Foldable phones are the latest new trend, and they will definitely increase in popularity. This means that there have to be developed more hi-quality parts for such devices.
Working on a next-level display
It was just reported that glass-maker Corning is “working on an ultrathin, bendable glass that’s 0.1 millimeters thick and can bend to a 5-millimeter radius” that may be usable for smartphone displays within two years.
Corning is a producer os Gorilla Glass that’s used in Apple’s iPhone and in phones that are made by other manufacturers including Asus, LG, Samsung, Nokia and more.
Ars Technica reveals that developing Gorilla Glass that can bend or fold like the materials used for the Samsung Galaxy Fold display or other foldable phone concepts could address some flaws that the early designs have.
The folding phones that are made these days are relying on plastic polymers that can scratch very easily, says the online publication.
“The glass used in today’s smartphones is more scratch- and dent-resistant than plastic, thanks in no small part to the processes companies like Corning utilize,” Ars Technica writes.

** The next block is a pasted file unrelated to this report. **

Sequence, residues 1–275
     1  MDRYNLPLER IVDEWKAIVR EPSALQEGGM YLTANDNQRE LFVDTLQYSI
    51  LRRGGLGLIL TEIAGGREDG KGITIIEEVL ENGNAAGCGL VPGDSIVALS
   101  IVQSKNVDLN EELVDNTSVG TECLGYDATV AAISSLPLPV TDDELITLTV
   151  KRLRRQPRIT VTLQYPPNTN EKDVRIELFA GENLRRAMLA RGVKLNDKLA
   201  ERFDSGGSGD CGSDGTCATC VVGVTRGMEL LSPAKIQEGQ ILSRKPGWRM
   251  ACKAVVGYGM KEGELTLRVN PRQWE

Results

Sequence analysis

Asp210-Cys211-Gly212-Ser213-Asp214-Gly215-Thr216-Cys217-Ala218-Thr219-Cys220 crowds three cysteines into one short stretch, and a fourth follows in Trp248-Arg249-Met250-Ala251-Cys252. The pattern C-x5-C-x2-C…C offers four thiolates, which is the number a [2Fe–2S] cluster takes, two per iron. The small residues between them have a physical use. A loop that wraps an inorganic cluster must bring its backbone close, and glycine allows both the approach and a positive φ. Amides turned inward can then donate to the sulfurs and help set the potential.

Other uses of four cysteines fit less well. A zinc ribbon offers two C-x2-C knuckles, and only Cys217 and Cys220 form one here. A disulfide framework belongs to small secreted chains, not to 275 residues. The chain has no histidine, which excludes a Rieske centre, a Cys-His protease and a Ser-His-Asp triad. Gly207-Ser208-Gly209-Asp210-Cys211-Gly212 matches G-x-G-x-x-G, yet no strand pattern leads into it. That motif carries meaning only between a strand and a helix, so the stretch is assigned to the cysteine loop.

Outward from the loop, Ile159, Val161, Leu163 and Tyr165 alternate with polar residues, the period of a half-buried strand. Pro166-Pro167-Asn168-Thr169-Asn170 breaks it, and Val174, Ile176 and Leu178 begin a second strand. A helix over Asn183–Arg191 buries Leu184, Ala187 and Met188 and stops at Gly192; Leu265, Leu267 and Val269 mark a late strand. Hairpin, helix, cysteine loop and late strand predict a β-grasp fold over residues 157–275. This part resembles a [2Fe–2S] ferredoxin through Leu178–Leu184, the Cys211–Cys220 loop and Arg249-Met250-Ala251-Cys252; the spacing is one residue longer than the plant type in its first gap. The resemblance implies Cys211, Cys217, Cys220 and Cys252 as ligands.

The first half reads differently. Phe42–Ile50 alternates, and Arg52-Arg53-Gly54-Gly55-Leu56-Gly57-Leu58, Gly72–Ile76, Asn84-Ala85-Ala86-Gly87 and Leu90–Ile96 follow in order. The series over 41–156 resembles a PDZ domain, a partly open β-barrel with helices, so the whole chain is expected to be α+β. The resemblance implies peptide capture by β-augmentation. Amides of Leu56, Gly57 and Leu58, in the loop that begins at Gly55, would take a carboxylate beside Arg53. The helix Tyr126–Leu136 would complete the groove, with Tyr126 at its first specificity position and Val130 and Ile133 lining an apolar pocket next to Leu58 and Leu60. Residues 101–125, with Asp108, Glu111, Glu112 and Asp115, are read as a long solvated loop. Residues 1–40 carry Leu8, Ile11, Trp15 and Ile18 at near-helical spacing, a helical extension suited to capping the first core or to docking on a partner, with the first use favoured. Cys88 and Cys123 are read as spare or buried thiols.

They say that the plastic that is used for the Galaxy Fold and similar mobile devices will definitely be like a magnet for scratches.
Challenging the laws of physics
Wired spoke with John Bayne who is Corning’s head of Gorilla Glass.
Here’s what he had to say about developing foldable glass for smartphone displays:
“In a glass solution, you’re really challenging the laws of physics, in that to get a very tight bend radius you want to go thinner and thinner. But you also have to be able to survive a drop event and resist damage… The back of the problem we’re trying to break, the technical challenge, is, can you keep those tight 3- to 5-millimeter bend radii and also increase the damage resistance of the glass. That’s the trajectory we’re on.”
It’s also interesting to note that Corning already has one bendable glass product called Willow Glass, but this is not suitable for smartphones.
After finishing Theatrical Journalism at the Faculty of Theatre and Television in Cluj-Napoca, Rada reviewed movies, books, theatre pieces and she also wrote articles from the IT niche as a content editor for software producers. At the moment, she is working with various online advertising firms.